26

Something I've always wondered:

As a recent hire, is it okay for me to ask why I was chosen above the other candidates?

  • 2
    Why do you want to know, curiosity, insecurity? – Paul Hiemstra Jun 15 '13 at 12:10
  • 4
    Curiosity and I'd like to know what I did right so I can use that knowledge for future interviews. – Steven Jun 15 '13 at 12:20
  • comments removed: Comments are intended to help improve a post or seek clarification. Please don't answer the questions in the comments. These can't be easily voted on as the best answers, and they may inadvertently prevent other users from providing real answers. Please see How should I post a useful non-answer if it shouldn't be a comment? for more guidance. – jmort253 Jun 19 '13 at 2:37
  • 2
    You just got a job and want to drop hints that you want tips for getting another one? – JohnFx Jun 29 '13 at 3:19
30

You can, but you probably shouldn't.

People might not want to discuss this and you might not want to know the answer.

Answers that you might not want to hear include:

  • You were the cheapest candidate that met all our needs.
  • Our first choice declined our offer. You were our second choice.
  • 4
    I totally agree with this. Recently we have to give an offer to our second choice as the first choice declined the offer. However, our second choice is doing excellent work and we are very happy about it. Anyway, the important thing is that how do you perform once you get the position. – samarasa Jun 15 '13 at 14:20
  • If anyone that hires you tells you these things then you failed in your part of the interview where you are supposed to be assessing if the company is the right fit for you. It is your fault if you accept the wrong job as much as it is theirs if they hire you knowing you are not the right fit. – IDrinkandIKnowThings Jun 15 '13 at 15:17
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    @Chad: Huh? If you asked for 'X' dollars, and that happened to be cheaper than what your competitors were asking for then how did you fail? If the company's first choice declined the offer, but you accepted then how did you fail? – Jim G. Jun 15 '13 at 15:27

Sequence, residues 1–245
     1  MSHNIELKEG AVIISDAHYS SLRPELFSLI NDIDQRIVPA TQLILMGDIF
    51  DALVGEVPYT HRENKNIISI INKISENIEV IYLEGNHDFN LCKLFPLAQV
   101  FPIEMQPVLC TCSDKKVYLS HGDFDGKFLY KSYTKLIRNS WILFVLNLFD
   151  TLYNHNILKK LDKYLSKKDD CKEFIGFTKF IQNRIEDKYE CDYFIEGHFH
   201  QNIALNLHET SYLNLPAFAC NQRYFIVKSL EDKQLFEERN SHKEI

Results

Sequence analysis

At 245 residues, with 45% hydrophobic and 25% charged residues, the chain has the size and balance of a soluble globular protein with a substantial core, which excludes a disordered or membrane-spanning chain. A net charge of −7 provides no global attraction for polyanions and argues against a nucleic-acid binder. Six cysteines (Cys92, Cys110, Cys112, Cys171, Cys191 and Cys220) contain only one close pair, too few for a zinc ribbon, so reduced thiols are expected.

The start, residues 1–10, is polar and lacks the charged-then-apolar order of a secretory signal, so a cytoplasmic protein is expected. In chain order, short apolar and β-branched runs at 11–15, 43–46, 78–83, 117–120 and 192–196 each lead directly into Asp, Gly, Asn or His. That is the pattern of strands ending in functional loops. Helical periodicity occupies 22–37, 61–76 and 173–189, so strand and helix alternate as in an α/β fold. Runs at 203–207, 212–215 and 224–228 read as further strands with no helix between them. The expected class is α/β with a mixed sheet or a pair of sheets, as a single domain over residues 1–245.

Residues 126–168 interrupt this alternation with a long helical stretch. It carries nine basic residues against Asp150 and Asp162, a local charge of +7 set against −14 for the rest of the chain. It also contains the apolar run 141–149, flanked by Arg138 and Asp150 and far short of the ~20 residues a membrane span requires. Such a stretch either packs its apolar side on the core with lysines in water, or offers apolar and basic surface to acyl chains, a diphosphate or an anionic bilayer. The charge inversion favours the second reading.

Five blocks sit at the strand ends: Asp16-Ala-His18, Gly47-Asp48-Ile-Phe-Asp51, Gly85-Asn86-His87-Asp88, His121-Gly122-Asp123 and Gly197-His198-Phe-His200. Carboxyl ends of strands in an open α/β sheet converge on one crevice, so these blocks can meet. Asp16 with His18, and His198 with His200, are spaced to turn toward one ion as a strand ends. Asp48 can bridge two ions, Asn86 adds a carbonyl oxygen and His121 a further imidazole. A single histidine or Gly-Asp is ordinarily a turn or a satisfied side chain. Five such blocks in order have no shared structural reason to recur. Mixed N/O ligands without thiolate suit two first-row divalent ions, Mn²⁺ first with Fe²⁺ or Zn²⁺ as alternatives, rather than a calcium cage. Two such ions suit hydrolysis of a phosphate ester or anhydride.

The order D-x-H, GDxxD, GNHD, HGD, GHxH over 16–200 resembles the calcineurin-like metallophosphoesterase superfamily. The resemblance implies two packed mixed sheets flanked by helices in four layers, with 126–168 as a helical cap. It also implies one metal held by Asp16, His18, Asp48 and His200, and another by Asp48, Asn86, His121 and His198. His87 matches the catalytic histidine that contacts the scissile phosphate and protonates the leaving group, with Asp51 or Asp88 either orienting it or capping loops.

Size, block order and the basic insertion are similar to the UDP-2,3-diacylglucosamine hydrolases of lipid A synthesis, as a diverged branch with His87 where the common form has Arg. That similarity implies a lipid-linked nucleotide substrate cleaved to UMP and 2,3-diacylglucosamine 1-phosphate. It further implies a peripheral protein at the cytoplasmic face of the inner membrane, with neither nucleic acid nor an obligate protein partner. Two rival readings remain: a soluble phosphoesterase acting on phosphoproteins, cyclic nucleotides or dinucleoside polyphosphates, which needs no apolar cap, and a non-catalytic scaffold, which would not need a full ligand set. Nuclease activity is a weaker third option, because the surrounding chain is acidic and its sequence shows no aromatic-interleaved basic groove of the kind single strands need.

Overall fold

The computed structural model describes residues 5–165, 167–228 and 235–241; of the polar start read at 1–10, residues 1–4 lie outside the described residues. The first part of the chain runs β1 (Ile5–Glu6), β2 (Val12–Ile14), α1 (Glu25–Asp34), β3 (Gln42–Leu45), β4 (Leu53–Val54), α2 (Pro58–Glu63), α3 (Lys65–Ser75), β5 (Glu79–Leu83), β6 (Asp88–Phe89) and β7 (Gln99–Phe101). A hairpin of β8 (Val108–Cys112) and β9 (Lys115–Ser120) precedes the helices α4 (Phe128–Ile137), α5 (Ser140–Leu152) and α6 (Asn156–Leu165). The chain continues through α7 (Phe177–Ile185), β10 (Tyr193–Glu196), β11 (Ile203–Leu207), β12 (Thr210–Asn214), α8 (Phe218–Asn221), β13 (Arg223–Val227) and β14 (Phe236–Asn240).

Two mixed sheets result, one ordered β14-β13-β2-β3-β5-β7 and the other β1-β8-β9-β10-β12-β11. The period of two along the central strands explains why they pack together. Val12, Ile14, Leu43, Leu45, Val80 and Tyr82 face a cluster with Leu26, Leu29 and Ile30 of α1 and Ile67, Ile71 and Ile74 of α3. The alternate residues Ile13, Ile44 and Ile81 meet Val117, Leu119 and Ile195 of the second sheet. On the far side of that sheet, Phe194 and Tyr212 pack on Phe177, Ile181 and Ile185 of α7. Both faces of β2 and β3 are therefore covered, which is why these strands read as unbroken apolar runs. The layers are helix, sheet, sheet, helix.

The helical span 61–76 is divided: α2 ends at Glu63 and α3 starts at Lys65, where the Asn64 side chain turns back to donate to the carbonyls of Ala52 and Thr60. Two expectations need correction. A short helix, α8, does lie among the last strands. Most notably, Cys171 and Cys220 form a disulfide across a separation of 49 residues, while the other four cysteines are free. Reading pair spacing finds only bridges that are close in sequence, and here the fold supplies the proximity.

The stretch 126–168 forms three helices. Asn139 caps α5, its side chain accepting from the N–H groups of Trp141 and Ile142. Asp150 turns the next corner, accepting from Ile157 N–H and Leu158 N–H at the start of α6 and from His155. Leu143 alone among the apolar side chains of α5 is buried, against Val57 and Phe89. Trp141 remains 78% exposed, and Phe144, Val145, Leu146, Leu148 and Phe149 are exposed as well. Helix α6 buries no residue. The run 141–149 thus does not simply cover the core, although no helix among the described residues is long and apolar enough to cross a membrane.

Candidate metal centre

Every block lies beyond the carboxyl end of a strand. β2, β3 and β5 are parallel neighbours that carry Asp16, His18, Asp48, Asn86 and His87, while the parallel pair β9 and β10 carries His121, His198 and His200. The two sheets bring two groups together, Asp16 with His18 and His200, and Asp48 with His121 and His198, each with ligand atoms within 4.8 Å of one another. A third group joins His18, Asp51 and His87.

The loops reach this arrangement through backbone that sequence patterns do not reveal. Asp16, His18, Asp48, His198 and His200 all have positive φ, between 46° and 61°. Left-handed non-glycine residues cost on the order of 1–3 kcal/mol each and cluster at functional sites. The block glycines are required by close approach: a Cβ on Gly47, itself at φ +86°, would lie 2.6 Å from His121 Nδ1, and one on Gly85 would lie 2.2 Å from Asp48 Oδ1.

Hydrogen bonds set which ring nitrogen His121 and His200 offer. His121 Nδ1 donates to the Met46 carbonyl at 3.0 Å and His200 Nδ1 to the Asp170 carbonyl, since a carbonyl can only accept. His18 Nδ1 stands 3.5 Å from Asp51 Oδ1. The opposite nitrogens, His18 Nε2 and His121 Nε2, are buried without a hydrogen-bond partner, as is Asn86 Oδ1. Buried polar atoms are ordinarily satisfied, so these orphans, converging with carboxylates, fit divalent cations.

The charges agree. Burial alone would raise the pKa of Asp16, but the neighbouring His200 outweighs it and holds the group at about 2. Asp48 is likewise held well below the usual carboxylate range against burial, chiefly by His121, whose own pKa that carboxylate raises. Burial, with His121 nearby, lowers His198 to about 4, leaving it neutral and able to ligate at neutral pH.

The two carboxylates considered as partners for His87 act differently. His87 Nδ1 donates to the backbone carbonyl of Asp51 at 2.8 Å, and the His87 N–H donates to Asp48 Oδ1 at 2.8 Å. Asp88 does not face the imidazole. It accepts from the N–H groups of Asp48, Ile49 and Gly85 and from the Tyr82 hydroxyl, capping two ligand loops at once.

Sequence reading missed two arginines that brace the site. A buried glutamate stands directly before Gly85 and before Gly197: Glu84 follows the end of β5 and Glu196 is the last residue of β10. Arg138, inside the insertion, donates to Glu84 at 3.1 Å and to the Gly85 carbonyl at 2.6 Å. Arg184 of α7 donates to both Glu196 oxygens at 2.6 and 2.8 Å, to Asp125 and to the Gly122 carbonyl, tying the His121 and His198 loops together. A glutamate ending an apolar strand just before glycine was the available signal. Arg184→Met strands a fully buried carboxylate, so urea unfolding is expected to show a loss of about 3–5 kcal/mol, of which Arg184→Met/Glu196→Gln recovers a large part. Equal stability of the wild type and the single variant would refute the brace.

• 4
    @JimG.: For some people, it might hurt their self-esteem to know that they were not really the candidate that the employer wanted (at least not initially), they were the candidate that was cheap/available. I think more people feel this kind of distress in romantic relationships, such as "I'm only dating you because Bob is busy tonight" implies "I like you, but not as much as Bob, Fred, etc...". I suppose those feelings/reactions would be valid in the workplace as well. How much of an impact these answers could have might depend on how big the differences were. – FrustratedWithFormsDesigner Jun 17 '13 at 15:08
  • 1
    Huh? I would love to be informed I should ask for more money. – user1084 Jul 14 '14 at 21:14
5

I would not ask this on the first day on the job. Just accept that you have the job, and focus your energy on getting up-to-speed in your new job. After a few months, after getting to know your colleagues, you could approach someone in the group of people involved in hiring you, and ask them what the considerations where for hiring you and not someone else.

  • 5
    Since the OP has already been on the job for a year, how does this help? – Amy Blankenship Jun 15 '13 at 17:23
-1

"There are ways of getting people to talk". Sometimes, however, what you learn may not be something you want to know.

The presumption is that you are the most qualified for the job. If your boss has some kind of prejudice, however, you may find out you were hired on a different axis of consideration. These may not be 'the usual suspects' of race and gender. If, for example, a C-Level executive had to fire 3 MBA teams in a row (s)he may avoid hiring a fourth team of MBAs. If the last three people your boss hired were fresh out of the military and they're all still there, (s)he might conclude this is a safe bet.

The questions to ask aren't 'why did you hire me instead of (x)?'. Is your programming team all wearing blue jeans and sneakers with holes in them? Would a 'suit' be compatible in this group? Does your boss avoid certain areas of town because (s)he 'doesn't feel safe' there? Some organizations pay lip service to longevity, others really care, and try to figure out if they can't pay enough to keep more qualified applicants happy.

I worked for one company where the previous person in my role would only work after everyone else went home. About a week after I started in this job, my boss told me we already had more computers than we needed. In short, I figured out right away he considered the IT people to be a power center in competition with his. This would explain the inclination of the previous employee to stay out of the way, and at some point the atmosphere deteriorated and I moved on.

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